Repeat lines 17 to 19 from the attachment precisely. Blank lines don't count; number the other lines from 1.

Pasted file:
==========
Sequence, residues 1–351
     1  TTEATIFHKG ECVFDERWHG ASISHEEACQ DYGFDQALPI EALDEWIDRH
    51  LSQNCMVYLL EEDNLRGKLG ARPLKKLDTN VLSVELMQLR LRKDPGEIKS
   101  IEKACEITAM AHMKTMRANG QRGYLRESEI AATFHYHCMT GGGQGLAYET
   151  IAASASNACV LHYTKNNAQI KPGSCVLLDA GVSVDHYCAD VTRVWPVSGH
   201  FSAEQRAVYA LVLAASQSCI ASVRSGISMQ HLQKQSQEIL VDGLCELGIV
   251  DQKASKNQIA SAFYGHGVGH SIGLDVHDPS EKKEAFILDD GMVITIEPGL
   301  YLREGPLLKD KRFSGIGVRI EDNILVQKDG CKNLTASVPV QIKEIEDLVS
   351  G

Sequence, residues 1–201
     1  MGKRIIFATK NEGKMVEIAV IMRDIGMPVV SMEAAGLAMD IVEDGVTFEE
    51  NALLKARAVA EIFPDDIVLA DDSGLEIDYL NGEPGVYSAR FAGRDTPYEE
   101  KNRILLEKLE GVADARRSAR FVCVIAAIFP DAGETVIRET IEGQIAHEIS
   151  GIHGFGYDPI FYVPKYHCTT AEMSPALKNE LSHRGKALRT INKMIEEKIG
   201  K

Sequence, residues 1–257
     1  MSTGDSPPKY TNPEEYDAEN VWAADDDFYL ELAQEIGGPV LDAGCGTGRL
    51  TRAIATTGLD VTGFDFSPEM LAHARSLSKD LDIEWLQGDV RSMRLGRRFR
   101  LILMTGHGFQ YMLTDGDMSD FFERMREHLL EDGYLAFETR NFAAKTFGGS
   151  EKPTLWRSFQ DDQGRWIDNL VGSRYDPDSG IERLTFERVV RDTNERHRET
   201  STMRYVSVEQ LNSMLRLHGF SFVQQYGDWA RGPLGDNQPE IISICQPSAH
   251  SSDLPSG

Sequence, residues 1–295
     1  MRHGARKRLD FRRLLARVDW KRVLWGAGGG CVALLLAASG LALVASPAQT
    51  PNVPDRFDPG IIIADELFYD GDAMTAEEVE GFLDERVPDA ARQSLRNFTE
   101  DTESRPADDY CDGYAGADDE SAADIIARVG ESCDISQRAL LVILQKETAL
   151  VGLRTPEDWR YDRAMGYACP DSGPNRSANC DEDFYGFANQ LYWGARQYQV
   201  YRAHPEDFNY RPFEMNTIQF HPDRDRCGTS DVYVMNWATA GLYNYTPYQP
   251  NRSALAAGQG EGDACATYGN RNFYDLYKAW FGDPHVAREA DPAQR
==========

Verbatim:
     1  MSTGDSPPKY TNPEEYDAEN VWAADDDFYL ELAQEIGGPV LDAGCGTGRL
    51  TRAIATTGLD VTGFDFSPEM LAHARSLSKD LDIEWLQGDV RSMRLGRRFR
   101  LILMTGHGFQ YMLTDGDMSD FFERMREHLL EDGYLAFETR NFAAKTFGGS